Online ad spending in the U.S. will come in at $26.17 billion this year for a gain of 23 percent, forecasts Lehman Brothers analyst Doug Anmuth in his Internet Inside Weekly report (pdf only, not online). That’s down slightly from his previous 2008 forecast of $26.20 billion (+24 percent). Secondly, Anmuth expects online advertising to grow at a 20 percent 3-year compound annual growth rate (CAGR) and that the web will take an 11 percent share of total domestic ad dollars by 2010.
His latest forecast is right in line with ZenithOptimedia’s call for a 23.4 percent rise over 2007 and eMarketer is also expecting a 23 percent gain this year. Back in January, TNS, which only measures display, offered a much more pessimistic view, saying that category would be up only 14 percent in 2008. Also on the comparatively darker end, PQ Media, which lumps several categories like digital out-of-home under “alternative media,” said it believed that spending would climb just 20.2 percent over last year.
— Search will still lead: Breaking out online ad spending into constituent categories, Anmuth finds search still in the lead with 27 percent growth, followed by display with 25 percent, while lead gen should be up 18 percent, as classified struggles to realize gains of 14 percent, all over 2007’s figures.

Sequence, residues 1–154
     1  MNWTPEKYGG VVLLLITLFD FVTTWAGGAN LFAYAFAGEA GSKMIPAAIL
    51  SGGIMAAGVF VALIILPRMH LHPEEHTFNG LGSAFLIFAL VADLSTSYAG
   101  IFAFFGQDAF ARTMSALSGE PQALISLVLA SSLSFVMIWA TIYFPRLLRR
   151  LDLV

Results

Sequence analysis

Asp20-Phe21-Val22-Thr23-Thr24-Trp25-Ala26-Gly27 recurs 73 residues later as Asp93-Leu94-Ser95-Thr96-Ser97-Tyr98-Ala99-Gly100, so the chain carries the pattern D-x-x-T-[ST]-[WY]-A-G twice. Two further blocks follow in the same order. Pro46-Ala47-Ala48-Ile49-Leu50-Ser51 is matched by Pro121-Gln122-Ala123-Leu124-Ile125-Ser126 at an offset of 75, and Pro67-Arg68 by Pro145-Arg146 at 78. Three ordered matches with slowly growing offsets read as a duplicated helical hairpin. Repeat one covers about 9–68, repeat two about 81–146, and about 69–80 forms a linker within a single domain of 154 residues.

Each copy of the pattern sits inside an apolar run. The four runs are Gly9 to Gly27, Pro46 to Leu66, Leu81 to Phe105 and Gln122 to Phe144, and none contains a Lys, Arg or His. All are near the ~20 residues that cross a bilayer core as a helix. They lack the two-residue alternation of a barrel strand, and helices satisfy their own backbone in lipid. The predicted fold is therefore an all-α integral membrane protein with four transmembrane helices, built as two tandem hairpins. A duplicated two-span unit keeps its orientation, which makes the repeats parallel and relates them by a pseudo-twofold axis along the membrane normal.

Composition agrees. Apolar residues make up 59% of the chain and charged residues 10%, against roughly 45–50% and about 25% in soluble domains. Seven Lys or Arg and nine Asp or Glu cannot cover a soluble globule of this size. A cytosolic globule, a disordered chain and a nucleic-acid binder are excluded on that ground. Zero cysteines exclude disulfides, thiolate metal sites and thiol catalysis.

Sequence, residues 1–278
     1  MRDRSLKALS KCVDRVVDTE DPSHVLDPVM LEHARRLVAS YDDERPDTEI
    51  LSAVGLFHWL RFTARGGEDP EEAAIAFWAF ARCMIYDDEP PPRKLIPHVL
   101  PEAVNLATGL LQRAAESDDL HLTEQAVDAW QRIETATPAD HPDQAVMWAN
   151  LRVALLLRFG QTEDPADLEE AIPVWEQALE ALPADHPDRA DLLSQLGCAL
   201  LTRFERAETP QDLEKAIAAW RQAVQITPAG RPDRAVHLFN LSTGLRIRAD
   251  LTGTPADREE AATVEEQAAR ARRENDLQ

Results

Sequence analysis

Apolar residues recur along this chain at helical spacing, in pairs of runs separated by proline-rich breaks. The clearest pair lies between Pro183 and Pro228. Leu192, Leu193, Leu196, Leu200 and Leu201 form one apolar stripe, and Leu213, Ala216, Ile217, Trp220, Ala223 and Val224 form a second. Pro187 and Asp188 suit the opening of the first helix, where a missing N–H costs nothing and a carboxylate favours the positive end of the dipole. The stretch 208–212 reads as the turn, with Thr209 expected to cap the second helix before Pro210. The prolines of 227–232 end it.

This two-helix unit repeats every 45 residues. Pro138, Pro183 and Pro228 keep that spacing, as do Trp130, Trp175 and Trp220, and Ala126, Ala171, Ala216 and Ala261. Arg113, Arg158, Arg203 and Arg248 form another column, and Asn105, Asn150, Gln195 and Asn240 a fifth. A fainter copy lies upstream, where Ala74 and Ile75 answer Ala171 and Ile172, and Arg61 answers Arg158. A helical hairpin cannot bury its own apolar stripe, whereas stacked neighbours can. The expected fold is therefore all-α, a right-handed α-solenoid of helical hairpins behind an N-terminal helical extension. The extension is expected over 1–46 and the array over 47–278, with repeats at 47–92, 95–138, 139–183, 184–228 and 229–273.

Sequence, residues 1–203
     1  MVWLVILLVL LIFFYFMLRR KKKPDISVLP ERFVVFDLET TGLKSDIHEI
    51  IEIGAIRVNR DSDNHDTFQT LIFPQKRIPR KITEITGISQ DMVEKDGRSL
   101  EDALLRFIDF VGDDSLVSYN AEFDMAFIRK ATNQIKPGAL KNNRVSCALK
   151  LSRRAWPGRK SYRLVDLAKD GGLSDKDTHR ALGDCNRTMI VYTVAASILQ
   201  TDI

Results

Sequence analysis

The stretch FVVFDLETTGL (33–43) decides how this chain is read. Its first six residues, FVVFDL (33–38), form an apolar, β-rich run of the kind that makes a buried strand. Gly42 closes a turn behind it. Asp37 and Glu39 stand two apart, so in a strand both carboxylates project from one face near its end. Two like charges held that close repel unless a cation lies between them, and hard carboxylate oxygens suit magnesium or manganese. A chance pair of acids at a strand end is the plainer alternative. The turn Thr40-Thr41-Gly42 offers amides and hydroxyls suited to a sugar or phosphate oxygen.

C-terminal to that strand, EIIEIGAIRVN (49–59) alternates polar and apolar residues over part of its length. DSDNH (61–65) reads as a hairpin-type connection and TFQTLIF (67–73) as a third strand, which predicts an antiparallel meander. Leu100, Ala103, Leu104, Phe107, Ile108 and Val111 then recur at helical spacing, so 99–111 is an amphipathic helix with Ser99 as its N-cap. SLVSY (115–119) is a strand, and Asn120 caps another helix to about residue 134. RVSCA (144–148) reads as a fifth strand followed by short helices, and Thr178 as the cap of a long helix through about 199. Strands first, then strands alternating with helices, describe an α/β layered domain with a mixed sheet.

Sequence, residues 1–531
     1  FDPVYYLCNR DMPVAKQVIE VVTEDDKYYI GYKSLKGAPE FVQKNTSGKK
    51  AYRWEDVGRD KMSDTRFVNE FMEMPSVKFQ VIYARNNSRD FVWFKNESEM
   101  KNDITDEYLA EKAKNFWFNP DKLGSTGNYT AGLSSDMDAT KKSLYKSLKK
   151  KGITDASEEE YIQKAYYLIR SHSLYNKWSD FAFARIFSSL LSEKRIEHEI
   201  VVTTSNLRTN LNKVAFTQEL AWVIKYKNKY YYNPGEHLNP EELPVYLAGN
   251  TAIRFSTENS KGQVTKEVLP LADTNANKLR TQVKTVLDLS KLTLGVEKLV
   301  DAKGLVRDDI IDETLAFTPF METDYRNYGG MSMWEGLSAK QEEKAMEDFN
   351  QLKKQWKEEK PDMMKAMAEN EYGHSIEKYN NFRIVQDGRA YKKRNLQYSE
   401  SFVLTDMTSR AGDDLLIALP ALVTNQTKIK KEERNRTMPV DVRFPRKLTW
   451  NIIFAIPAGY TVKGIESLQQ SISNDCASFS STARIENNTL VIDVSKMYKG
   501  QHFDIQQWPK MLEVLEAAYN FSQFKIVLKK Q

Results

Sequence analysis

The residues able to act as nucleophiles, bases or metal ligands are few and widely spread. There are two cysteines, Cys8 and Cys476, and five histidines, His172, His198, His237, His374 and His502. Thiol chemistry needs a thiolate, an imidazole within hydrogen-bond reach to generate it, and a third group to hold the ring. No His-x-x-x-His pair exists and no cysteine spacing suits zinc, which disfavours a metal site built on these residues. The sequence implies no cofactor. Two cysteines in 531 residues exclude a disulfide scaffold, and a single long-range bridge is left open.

— Opportunities: Anmuth emphasizes that the online ad market is about scale and that display in particular continues to be relatively open. That will continue to provide an opportunity for Google (NSDQ: GOOG), Yahoo (NSDQ: YHOO), Microsoft (NSDQ: MSFT), and/or AOL (NYSE: TWX) to take share, despite market trends that are moving more toward fragmentation and verticalization. Anmuth: “This open field in display is in contrast to search where we believe that over the past year Google has solidified its moat with advertisers and users in almost every market in which it operates.”
— Display’s mixed bag: Display advertising, which accounted for 34 percent of total U.S. online ad spend in
2007, while getting a boost from formats such as rich media and digital video, has faced several challenges recently. One of the biggest factors impacting overall display advertising has been the dramatic rise in “available non-premium” (or non-guaranteed) inventory over the past few years, which has resulted from the enormous growth in page views at MySpace and Facebook. That in turn, has fueled the rise of remnant ad networks, which tend to specialize in low-priced, unsold inventory (which Martha Stewart Living Omnimedia’s (NYSE: MSO) Wenda Harris Millard likened to the trading of pork bellies, decrying the commoditization of online ad inventory). That has led companies like MSLO and others to form vertical ad networks to support their premium pricing and placement offerings.
Anmuth will be giving a presentation at our EconAds seminar in NYC next week..details on the seminar here.